There are corporate cultures where materials are not provided in advance, probably because of the tendency for people not to review them. This makes the problem worse. These same cultures also frequently have meetings schedule with no agenda. I had someone on one of my teams who refused to attend meetings without an agenda. It was difficult for me to fault him, as I agreed with his reasoning.

People hate meetings because they are often inefficient and inclusive. My approach is to go the opposite direction of those who stop sending the material in advance and including agendas: I avoid reviewing the material in the meeting and instead advise those who didn’t to take notes and review it after the meeting. Depending on the purpose of the meeting, I may just reschedule it and advise everyone to come to the next meeting prepared. This may seem anti-[your pet sentiment here], but my experience has been that people become much more productive when they come prepared as a result of the meeting being more productive and few meetings because things were accomplished  the first time.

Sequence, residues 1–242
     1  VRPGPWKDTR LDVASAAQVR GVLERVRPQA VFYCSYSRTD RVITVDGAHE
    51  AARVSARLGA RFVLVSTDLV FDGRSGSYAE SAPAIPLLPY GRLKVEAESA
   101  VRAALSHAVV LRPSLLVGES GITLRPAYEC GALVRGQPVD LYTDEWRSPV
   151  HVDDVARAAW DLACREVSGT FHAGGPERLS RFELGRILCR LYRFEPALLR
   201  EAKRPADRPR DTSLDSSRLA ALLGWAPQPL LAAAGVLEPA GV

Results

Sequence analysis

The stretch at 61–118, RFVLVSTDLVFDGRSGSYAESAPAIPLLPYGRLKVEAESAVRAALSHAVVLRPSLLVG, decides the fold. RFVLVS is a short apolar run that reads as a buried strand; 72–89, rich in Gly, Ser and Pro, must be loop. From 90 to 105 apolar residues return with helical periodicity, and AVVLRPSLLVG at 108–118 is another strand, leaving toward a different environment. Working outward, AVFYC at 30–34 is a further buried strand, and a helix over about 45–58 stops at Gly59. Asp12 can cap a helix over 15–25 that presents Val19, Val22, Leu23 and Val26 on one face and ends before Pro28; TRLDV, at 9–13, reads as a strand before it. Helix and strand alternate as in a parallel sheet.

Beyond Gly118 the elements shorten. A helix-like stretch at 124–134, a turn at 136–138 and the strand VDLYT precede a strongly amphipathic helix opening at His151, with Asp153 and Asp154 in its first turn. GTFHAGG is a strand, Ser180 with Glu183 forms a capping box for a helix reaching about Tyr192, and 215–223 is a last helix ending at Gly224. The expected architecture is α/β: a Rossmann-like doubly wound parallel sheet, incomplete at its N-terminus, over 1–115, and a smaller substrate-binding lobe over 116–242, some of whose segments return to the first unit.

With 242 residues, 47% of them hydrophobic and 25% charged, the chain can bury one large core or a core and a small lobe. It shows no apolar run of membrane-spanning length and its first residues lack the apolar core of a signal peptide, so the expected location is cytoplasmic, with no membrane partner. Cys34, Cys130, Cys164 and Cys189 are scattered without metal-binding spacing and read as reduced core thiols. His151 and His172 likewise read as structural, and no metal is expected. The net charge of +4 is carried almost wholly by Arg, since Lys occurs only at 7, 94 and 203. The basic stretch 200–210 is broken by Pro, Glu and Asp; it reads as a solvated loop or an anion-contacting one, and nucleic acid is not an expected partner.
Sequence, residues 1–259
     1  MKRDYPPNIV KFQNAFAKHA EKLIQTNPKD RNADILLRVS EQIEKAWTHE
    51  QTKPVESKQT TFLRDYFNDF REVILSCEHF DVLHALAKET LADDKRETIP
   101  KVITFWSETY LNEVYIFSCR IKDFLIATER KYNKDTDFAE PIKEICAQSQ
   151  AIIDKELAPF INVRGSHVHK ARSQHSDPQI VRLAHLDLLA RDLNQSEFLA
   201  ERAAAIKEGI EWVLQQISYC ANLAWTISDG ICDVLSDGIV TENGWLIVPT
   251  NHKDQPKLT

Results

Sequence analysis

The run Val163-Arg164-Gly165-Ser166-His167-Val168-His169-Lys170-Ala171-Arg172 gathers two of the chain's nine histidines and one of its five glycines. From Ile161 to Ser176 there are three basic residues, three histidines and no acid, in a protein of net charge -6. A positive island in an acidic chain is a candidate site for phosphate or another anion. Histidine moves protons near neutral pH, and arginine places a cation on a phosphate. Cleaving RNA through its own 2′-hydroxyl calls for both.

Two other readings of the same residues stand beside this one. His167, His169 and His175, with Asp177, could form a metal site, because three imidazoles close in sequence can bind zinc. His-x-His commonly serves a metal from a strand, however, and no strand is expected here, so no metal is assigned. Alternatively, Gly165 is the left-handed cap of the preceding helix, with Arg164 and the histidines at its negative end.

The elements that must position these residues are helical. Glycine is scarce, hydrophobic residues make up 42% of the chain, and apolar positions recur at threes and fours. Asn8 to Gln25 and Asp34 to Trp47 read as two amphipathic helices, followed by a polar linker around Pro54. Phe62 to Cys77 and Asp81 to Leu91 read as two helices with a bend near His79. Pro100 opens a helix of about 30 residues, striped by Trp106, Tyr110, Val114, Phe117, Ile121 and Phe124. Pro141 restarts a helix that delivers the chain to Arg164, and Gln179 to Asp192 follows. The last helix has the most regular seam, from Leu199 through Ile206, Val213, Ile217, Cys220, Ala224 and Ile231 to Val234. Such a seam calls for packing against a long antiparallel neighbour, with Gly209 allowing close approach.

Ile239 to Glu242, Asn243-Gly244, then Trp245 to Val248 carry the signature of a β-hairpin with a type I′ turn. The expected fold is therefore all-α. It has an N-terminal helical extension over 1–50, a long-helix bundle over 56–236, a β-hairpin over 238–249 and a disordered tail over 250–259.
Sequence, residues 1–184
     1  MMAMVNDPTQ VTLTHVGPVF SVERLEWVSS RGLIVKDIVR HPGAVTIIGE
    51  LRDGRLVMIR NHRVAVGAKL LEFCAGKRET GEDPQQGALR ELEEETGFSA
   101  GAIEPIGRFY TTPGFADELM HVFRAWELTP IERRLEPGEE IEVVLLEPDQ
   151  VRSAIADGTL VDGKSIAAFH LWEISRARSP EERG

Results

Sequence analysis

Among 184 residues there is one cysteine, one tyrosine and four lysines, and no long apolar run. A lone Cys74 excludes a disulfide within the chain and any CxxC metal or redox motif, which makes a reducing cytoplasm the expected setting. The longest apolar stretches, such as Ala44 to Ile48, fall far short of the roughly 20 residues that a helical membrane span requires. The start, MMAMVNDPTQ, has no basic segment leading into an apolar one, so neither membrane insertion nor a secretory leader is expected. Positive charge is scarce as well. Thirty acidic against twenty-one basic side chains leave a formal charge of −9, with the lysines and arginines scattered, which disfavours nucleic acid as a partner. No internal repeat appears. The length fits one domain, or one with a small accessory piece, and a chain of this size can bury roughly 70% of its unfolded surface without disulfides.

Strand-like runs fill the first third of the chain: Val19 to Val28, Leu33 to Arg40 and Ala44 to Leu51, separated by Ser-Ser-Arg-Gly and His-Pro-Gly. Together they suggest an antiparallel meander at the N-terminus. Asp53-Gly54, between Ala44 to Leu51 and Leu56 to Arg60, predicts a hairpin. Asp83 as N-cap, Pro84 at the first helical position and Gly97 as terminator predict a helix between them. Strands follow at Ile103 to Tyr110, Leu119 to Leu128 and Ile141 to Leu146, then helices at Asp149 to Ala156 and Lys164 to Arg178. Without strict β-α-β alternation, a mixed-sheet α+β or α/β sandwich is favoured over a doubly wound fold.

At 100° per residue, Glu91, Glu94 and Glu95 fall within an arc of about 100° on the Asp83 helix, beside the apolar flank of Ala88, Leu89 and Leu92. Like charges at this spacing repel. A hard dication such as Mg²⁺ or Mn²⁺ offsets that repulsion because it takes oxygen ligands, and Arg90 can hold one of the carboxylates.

[author returns his soap box to easily-accessible storage location]

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© Scott S. Nelson

Things to Determine before Projects Begin

This post is a perpetual Work-in-Progress. As of now, it is only starting (stalling would be more accurate, I’ve been playing with it in various forms for over a year now).

Here’s what we have so far (please add your additions in the comments):

Project Type Artifact
All Release schedule
All Release process
All Coding standards
All Other StakeHolders that may be impacted
All Where and how architecture decisions are logged
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© Scott S. Nelson